I’m willing to defer to Josh with respect to the relative explanatory scope of the two theories. But even if I agreed with Hornstein, et al., that P-and-P satisfactorily explained the relevant syntactic facts, it’s not obvious to me that, per Josh’s description of exactly the right way to build syntactic theories, refinements along the dimensions of simplicity, elegance, and naturalness will leave the epistemologically prior desiderata satisfied. Josh says that Minimalism is a better explanatory theory, but it’s easy to imagine that simplifying a good explanatory theory could reduce that theory’s explanatory scope, its predictive accuracy, its consistency with other theories, etc…, which, to belabor the point, obviates the need to invoke elegance or simplicity.
Finally, even if P-and-P and Minimalism are on equal primary epistemic footing, and even if refining P-and-P to build Minimalism hasn’t changed this fact, it’s still not clear to me that elegance can do any epistemic work for us, because it’s still not clear to me just what elegance is. Josh takes a stab at defining it:
I see people use “elegant” mostly in situations where two/multiple things which there is no reason to believe are connected can be made to seem or shown to be connected in a convincing way. Call it the “two birds with one stone” principle. So, an “elegant” move in Chess is usually when someone is facing two unconnected lines of attack, and to the casual observer it looks like dealing with one will expose a weakness in dealing with the other, and the player nevertheless manages to make a single move that puts him in a position of strength to deal with both lines simultaneously. An “elegant” solution to a math problem is similar. We’re faced with something that looks complicated, and it looks like we’ll have to go through many steps to simplify one part of the problem before dealing with another. An “elegant” solution in that case manages to simplify both parts of the problem simultaneously. An elegant solution to a crime novel is when a series of events which seem unrelated and are in any case confusing are shown not only to be connected, but in a simple way. “Elegance” usually plays on the unexpected, seeing things that are not immediately obvious, and in a way that connects things that did not seem connected before.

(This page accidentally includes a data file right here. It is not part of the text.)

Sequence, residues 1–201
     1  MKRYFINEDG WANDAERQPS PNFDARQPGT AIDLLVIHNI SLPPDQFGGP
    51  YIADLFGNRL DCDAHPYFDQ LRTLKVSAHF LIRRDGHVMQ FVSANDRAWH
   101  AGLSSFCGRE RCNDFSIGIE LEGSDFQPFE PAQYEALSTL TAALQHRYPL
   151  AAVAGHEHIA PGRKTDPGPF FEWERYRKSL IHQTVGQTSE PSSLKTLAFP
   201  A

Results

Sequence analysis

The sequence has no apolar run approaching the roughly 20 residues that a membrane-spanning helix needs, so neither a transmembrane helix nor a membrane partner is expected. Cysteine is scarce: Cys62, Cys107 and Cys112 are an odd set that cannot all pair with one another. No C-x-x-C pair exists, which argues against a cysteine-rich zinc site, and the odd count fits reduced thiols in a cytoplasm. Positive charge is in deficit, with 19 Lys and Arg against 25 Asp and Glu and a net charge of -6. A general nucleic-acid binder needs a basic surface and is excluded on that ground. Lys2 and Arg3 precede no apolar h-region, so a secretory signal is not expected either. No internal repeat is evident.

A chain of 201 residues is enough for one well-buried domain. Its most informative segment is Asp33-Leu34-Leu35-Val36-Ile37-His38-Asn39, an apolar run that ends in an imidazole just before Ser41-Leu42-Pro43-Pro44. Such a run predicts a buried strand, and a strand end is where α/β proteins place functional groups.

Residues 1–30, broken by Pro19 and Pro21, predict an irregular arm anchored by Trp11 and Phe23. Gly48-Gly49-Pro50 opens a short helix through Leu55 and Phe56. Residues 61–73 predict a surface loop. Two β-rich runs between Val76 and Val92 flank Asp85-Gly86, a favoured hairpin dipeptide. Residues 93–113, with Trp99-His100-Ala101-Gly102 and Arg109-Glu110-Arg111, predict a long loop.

To the extent people share that impression of what “elegance” is, it is obvious what it has to do with “a theory’s claim to constitute knowledge.” In fact, it is central to explanation. If two (or more) things which seem to be unrelated and lack explanations can be shown to be related in a convincing way, then knowledge has been advanced. Of course, this is, as mentioned above, parasitic on “explanatoriness.” If the theory is elegant but fails to correspond to reality, then it’s worthless. “Elegance” does nothing to make a useless theory useful. But this is why the authors insisted that different desiderata acquire different levels of importance at different stages of theory development. You must absolutely start with a theory that explains things, and elegance, parsimony, simplicity and naturalness be damned. Once you have a basic explanation, you refine that explanation by trying to make it more elegant, parsimonious, simple and natural. To the extent that elegance finds unexpected connections between parts of the theory, it cannot fail to advance knowledge.
If multiple phenomena lack explanations at time t and an elegant theory explains them and convinces us that they’re connected at time t + 1, it’s not the elegance of the theory that’s doing the work, it’s the explanation.
In Josh’s chess example, it’s the effectiveness of the move that matters to the outcome of the game, not it’s elegance or beauty. In the crime novel example, elegance is a mixture of explanation and simplicity. And in the math example, it seems to be functioning entirely as a synonym of simplicity.
As I wrote in my earlier post, I don’t doubt that elegance is pleasing to the beholder. But if we’ve already got all the explanitoriness we want – and that’s a big if, as discussed above - elegance just isn’t giving us anything scientifically valuable.